Then I learned why. A friend encouraged me to take the Landmark Forum, a weekend-long self-transformation seminar where you learn exactly how inauthentic you are, and how your envy, resentments, regrets, and other negative self-talk sabotages your life. It completely turned my life upside-down, and not in a bad way. I needed a sort of kick in the head to be a more responsible, grown-up person, and when I saw how others around me were discovering themselves, I jumped on the bandwagon. Yes, I was a self-pitying brat and constantly comparing myself to others. The Musician’s Soul was on the shelf because I didn’t want to confront what it had to say about me. I made the connection between the Landmark Forum and that book. In fact, I was to learn that Jordan’s philosophy and that of Werner Erhardt, the original mastermind behind the “technology” of the Landmark Forum, are not too far apart: a book that used to be required reading in one of the high-end communication courses of Landmark as well as Jordan’s own graduate studies in choral conducting was Martin Buber’s I And Thou. Eventually, I gave my copy of The Musician’s Soul to a friend, because I figured at Landmark I was getting all the self-transformation I needed.

But here’s the danger they don’t tell you about Landmark and other programs like it: They want you to stay involved at all costs. If you’re experiencing challenges in your life, it’s because you don’t spend enough time taking courses or assisting with Landmark. After being involved for months, I shared my concern that my money was slipping and I wanted to create more structure around it. Landmark’s answer? Assist with our finance department. It’s not because you spend too much time here in our expensive courses and volunteer assisting program, it’s because you don’t spend enough time here! And I believed it. If I didn’t say yes to them, it meant that I wasn’t saying yes to myself and my life, because that’s what they hold at stake in their programs. The ultimate redux of this is, Landmark is Life.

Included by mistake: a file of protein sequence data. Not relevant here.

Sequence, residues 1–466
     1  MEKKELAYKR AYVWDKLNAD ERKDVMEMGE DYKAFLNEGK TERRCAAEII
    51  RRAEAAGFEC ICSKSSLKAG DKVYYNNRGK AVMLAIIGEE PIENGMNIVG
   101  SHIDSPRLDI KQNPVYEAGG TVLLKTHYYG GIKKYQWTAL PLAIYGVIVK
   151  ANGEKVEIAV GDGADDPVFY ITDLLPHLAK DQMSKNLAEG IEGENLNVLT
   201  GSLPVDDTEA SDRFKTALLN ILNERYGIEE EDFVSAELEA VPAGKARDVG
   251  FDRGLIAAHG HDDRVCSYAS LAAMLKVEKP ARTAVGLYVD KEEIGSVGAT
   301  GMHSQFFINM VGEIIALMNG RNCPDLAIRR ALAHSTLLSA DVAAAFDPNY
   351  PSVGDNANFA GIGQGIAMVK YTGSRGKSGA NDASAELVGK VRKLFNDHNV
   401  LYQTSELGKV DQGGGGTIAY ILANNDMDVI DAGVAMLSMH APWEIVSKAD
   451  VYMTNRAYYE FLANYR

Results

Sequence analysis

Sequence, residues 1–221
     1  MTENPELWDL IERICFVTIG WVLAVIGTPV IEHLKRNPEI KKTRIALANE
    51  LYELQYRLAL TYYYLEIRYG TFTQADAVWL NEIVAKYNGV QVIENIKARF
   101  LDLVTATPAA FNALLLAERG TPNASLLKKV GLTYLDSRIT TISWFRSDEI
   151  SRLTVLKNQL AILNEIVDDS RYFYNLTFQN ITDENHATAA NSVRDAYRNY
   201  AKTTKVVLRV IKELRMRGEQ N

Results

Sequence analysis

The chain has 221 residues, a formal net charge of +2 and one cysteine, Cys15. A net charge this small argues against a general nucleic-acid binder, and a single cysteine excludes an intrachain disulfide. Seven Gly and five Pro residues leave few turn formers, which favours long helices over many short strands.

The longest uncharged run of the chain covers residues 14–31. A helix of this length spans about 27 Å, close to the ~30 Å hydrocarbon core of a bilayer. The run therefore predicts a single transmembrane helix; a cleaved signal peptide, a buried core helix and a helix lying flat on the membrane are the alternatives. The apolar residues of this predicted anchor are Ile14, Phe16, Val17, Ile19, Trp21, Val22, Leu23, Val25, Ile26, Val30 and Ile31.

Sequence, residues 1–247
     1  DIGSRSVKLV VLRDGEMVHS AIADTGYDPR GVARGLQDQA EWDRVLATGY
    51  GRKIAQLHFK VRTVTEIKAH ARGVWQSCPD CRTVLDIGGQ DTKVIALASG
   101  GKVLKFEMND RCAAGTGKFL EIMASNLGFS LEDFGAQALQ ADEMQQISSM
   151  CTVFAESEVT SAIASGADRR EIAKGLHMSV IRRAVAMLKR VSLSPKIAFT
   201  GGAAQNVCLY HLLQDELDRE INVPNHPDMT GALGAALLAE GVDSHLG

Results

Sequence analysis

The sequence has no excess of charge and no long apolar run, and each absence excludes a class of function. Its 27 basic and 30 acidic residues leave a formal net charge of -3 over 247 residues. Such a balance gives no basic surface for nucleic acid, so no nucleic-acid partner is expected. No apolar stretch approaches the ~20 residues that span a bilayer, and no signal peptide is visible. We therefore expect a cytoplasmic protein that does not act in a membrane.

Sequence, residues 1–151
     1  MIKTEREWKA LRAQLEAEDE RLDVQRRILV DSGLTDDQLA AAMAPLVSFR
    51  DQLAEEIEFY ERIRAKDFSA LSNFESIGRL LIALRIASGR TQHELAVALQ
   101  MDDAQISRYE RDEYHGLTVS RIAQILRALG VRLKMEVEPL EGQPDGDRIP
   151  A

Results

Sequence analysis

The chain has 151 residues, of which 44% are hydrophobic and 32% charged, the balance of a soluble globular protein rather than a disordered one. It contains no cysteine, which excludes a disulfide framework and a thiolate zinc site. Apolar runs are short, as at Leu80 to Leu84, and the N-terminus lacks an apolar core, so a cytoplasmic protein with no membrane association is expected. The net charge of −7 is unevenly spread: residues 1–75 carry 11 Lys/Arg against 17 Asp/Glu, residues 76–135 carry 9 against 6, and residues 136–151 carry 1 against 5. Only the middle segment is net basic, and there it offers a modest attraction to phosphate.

Some people who have had contact with Eckhart Tolle and other self-transformation gurus report similar stuff; that is, “if you don’t buy into this philosophy or method (literally $$$), you’re beyond help and doomed to be the slave of your ego forever.” Or they want you to go away because “YOU ARE NOT READY (you unworthy swine).”

Very few of these teachers realize that their programs are just Buddhism in cellophane.

(And Buddhism was never a five-hundred-dollar program where teachers get to emotionally abuse you until you crack and admit how horrible you are, and make you desire this punishment over and over until you become one of their drones and share about how wonderful it is, meanwhile frittering all your time and money away.)

So that became my image of James Jordan: just another Buddhist in cellophane, only this one was holding a conductor’s baton. But is it fair to say that? Is that just my ego getting in the way again? I’m not going to sit around and claim that I know everything there is to know about choral conducting, or say that I’m beyond needing inspiration or direction. Far from it. I still hunger for those things; I’m just not about to sell myself to any one philosophy, especially after nearly paying with my life once before.

For now, I can take it bit by bit, starting with Jordan’s little vocal warmup book, singing “nee-voo-nee-voo” all the way up and down the scale, and perhaps I will find myself at the heart of things after all–but my OWN heart, and not one manufactured by another bookshelf guru.